The name aside, I really enjoyed my visits there. The trip involved a two-kilometre walk from home to Lansdowne station, then a fourteen-kilometre train trip to Cape Town followed by a four-kilometre bus ride to the hospital in Green Point. It had an ideal location along the exquisite bit of coastline where we could stroll along the rocky shore of Table Bay towards Mouille Point and Sea Point. Imagine the view – Devil’s Peak, Table Mountain, Lion’s Head and Signal Hill behind and to the left of us. Ahead we had glimpses of the Twelve Apostles.The houses and apartment blocks were some of South Africas most expensive real estate. Did I say it was for Whites only? But why spoil the moment with those thoughts. The rocky coastline to the right of us had Table Bay’s waters stretched towards the Helderberg Mountains out east! [PS They used to have the non-PC racist name of the Hottentots Holland Mountains.]

So, imagine that view with an exquisite beauty tucked in under my arm on a cold day as Zonjia sought my warmth on our walks in wintry weather when the wild north-westerly winds whipped up the seas that crashed over the elevated walkway. Imagine sitting and chatting on a seaside bench. Was it labelled? I can’t remember. We probably ignored restrictive signs anyway!

Imagine us sharing my chicken sandwiches or a Doll House take-away chicken on the bench on a summer’s day with a gentle south-easterly wind to flatten the sea. We would sit there and wave at Nelson Mandela on the visible Robben Island which was like a low, flattened pimple surrounded by the icy waters of the Benguela current up from the Antarctic.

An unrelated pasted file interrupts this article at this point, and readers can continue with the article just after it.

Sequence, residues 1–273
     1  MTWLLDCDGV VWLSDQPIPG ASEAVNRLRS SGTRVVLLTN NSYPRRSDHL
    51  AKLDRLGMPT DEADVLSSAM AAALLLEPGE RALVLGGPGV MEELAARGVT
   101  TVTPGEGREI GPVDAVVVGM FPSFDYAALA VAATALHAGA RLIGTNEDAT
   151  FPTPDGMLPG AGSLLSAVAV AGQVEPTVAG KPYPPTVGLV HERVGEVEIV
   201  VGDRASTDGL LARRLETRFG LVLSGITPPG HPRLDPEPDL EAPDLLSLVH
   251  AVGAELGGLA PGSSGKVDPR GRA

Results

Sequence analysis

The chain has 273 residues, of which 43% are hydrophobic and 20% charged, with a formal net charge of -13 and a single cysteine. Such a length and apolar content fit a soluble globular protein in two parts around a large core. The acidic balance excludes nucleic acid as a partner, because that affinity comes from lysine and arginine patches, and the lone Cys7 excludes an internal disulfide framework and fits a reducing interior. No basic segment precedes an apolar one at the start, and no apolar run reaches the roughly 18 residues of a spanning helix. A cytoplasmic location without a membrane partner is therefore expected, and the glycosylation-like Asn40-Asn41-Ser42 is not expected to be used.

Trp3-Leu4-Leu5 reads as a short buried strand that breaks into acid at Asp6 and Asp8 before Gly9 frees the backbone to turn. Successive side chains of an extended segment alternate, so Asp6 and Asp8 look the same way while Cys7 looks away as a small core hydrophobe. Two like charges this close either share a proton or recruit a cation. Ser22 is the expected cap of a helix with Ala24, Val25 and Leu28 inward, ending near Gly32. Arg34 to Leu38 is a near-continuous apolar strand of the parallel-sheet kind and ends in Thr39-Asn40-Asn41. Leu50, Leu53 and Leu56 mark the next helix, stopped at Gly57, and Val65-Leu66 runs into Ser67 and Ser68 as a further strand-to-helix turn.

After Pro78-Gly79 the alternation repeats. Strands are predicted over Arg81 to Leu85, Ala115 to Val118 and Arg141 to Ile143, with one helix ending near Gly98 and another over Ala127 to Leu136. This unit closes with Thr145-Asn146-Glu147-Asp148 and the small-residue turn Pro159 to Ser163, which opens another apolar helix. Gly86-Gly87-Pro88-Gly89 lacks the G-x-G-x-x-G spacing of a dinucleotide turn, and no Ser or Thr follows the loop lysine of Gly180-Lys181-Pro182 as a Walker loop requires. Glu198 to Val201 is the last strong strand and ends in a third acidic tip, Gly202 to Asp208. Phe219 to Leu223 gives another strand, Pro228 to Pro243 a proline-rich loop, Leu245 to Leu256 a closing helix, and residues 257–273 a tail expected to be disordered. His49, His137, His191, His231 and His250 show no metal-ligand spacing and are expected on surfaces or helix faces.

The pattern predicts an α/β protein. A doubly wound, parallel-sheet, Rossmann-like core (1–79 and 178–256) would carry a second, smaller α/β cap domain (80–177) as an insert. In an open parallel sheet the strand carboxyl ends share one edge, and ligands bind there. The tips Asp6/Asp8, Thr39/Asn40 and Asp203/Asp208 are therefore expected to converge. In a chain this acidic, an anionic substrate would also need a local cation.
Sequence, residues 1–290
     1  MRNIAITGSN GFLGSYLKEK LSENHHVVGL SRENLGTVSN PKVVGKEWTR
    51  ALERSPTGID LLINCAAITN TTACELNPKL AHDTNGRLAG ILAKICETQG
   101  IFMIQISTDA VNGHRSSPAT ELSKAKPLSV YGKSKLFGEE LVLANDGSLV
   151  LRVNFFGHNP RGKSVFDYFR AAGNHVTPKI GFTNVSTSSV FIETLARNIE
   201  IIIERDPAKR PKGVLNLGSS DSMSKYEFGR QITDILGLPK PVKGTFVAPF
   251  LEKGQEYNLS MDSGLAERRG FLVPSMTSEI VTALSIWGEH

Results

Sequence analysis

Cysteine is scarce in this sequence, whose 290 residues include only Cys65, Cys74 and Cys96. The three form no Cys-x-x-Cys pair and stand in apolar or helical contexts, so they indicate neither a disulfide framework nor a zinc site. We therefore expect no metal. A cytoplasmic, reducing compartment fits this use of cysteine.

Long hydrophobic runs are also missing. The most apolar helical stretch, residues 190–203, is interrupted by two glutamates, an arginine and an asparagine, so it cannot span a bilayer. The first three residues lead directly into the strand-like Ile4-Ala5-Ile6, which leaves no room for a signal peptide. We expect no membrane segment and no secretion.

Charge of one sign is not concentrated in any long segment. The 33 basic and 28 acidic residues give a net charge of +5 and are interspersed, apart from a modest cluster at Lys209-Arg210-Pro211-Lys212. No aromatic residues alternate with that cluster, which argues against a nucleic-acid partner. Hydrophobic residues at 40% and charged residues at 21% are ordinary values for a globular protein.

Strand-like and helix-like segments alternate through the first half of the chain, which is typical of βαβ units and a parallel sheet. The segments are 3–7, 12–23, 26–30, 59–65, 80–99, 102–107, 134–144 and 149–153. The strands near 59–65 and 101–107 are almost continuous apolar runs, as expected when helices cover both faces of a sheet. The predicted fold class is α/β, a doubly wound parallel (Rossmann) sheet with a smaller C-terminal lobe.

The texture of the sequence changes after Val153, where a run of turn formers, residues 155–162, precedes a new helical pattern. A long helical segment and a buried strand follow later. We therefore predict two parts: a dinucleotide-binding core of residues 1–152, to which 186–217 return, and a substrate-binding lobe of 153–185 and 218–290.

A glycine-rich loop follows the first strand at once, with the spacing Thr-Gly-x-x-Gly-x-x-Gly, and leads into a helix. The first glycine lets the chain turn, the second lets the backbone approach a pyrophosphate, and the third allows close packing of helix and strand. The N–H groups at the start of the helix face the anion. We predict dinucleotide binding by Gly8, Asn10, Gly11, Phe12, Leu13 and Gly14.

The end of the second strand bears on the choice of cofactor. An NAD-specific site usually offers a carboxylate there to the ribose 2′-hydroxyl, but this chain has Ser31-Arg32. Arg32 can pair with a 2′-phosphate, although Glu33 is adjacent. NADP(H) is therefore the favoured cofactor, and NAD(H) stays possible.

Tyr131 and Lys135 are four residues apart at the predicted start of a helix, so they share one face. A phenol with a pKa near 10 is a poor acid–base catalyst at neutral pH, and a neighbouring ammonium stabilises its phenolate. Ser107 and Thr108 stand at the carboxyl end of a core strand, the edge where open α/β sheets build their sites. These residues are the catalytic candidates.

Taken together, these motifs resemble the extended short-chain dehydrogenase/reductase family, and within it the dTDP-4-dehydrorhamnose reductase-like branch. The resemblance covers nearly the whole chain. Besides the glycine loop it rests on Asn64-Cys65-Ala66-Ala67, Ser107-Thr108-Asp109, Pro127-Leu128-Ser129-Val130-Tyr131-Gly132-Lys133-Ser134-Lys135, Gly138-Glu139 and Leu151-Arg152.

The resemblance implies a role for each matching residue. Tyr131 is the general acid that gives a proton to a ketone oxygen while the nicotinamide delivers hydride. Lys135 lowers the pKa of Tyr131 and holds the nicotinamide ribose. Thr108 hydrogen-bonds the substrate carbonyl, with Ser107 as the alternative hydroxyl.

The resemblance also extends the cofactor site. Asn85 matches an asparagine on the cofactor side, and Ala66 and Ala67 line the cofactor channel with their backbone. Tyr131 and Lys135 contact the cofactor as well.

The smell of the sea added to those periods of bliss. I suspect that part of the fascination of it all is in my DNA. My maternal great-great-grandfather Scott was a sea captain from Stirling in Scotland. His son, my great grandfather, was a fish dealer/merchant in Claremont, Cape Town. I previously wrote about his use of saltpetre with which he pickled fish. [Saltpetre was an ingredient in gunpowder.] It probably explains my love of the sea – fishing, diving, caravanning … Add a bubbly personality with those magnetic eyes to the sound of the waves, the sight of the sea in all its moods, and the sea smell all around. I just had to be hooked!

A flattened Table Bay came into its romantic best after sunset. Now imagine the full moon rising while we steal kisses and chat and chat and chat away on our bench. The real magic of that is the reflection of the moonlight. Now, again, imagine that golden pathway that reached to our feet on our bench. Yes, it could not be more romantic. Best of all, it was free! I used to point at “Our Pathway of Light” and that we would have to follow it one day. Little did we know that we really would when we finally headed out east toward New Zealand and Australia! Yes, our guiding light to the east was our moonlit pathway.

It took me six months before I could say the magic words – “I love you”. Zonjia responded appropriately and said, “What took you so long!” For those of you who know her, just picture those sparkling eyes at their impish best with the left lower lip pulled down a touch. Worse yet, the raised shoulders and half-raised hands, palms directed upward, the forehead furrowed!

That moonlit pathway is still there as our exceptional relationship morphed into soulmate-ship. Being a perfect height to fit under my arm helped. Being a wonderful mother was no surprise. Being an amazing person with so much human warmth and love for all never ceases to astound me.

[Part 2 to follow.]